There’s this guy named Zlatan. He plays soccer. He is a marvel. He does things like this:
Sometimes, my son Ezra and I jump around the house listening to a song written about him, kicking a plush soccerball around like we’re ace footballers. Ezra is 3. I’m 30 years older but feel like a toddler jumping around with him. This is that song:
This is what FIFA 15 does to me.
It makes me want to jump around gleefully like a three-year-old, singing “Zlatan Ibrahimooooovic.” I get giddy. I can’t wait to get home to play more. I spend hours online trolling through the Ultimate Team marketplace, trying to earn some precious coins to build my fantasy team, like I’m the Jordan Belfort of FIFA. I lean in during a close match. I jump up and dance when I score a goal.
I’m jubilant playing FIFA 15. Joyful. Like the Colombian team, dancing in unison.
I’m new enough to soccer that it is still very romantic. It’s a sports world that I didn’t grow up with, and it feels increasingly like the antidote to the hypermasculinity of American football. Soccer is filling a void left by the departure of the NFL, and FIFA 15 is propelling and stewarding my education.
I’m not so naive to think that the many problems of big-media sport are somehow missing from the world’s most popular game—FIFA itself, the governing body for the sport globally, is about as corrupt as it gets.
But the “otherness” of soccer in my life protects its luster. It’s a sick kind of sports orientalism, and I try to be careful to not oversimplify or generalize the culture of others. But I’m totally sucked in by the mythos of the passion and joy of soccer. I’m enthralled by the improvisational, jazz-like performance of Brazilian Joga Bonito, and wooed by the quintessential cooperativeness of Dutch Total Football.
FIFA 15 brilliantly captures that spirit of soccer, and makes it infectious. Even at its most competitive, and most passionate, there is an underlying joy and merriment resonant in the game.
That atmosphere of joy begins with the soundtrack. Licensed music has been in sports videogames for a long time, and for most of the contemporary games it serves to set an important cultural tone framing the experience. NBA2K has had its music produced over the past two iterations by Jay-Z (2K14) and Pharrell (2K15). NHL 15 has plenty of the sort of hard rock hits you’re likely to hear in an arena. MLB: The Show is steeped in alt-rock, for better or worse.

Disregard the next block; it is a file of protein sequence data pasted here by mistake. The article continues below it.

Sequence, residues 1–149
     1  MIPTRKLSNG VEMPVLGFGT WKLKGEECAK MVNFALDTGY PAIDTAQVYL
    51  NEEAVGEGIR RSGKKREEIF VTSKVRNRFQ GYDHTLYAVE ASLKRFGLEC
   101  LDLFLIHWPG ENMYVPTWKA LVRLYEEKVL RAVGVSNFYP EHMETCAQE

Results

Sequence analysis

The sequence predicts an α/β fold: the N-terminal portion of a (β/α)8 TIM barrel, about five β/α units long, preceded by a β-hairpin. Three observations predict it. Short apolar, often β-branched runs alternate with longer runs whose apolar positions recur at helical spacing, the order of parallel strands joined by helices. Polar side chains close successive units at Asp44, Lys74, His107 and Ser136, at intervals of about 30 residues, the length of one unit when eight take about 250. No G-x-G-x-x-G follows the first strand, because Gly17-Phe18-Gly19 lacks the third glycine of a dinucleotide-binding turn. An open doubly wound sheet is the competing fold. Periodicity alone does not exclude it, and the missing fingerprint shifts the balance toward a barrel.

The music in FIFA 15 is eclectic, lively, percussive, and international. I find myself muttering gibberish to catchy songs I hear repeatedly because I want to sing along and I don’t know Portuguese. There’s lots of dance music in the soundtrack, and rightly so, since playing FIFA 15 is akin to dancing.
The deftness of feet—juggling, passing, sprinting, tapping—it’s an improvisational dance. Executing skill moves with the thumbstick and orchestrating brilliant passing exchanges feels like executing an intricate choreography. On my best days I’m like the Arthur Miller or Martha Graham of digital footie.
The perpetual thumping mechanical heart of FIFA 15 is passing, and it’s a testament to the design of the game that multiple strategies can be employed to move downfield toward goal. If your team has pacey wingers, you can play kick and chase to the corners, working down the field with aerial through-balls. Conversely, executing beautiful build-ups by playing some tiki-taka with a team is as fun as saying out-loud the words “tiki-taka.” Go ahead, say it with me. “Tiki-taka.” Fun, right?
Goalie play received an upgrade this year too, and the host of new animations combine excellently with newly designed ball physics to create some white-knuckling rebound situations in front of the goal. Many times I’ve gotten loose with a nice touch, driven a shot off the hands of the goaltender, only to have it bounce around in front of the goal as the defenders and my players scramble to get a foot or head on the ball. It makes for a thrilling moment, and is an accurate reflection of how goals in soccer are sometimes a feat of brilliant skill, and other times the result of a chaotic scramble.
It’s totally delusional, but FIFA 15 helps me to feel connected to the rest of the world. Soccer is still a second-class sport in the United States, despite being the most popular sport in the world. I’ve heard plenty of pundits decry the sport’s low scoring, and pace, as though American sports are far superior. I’m not proud of this kind of cultural isolationism.
Soccer is definitely growing in popularity in the United States, and certainly the last World Cup in Brazil drew in more spectators here than in years past. Nonetheless, growing up an American lead to me feeling detached from the vast majority of our world’s sports fans for whom soccer is the sport of choice. It’s like they knew a secret that I wasn’t invited to know.
But the joy of soccer is no secret at all, and playing FIFA 15 has become my education. I’m learning about top players from Ultimate Team cards. I’m playing online matches against soccer fans from all over the world. I’m learning about tactics and techniques. I’m singing songs extolling the virtues of a Swedish dude named Zlatan, and I now know what those virtues are! I’m saying words like “tiki-taka.”
This may seem superficial, but in a lot of important ways—its music, language, representation, and sense of joy—FIFA 15 is a more cosmopolitan and worldly sports game. We could use one.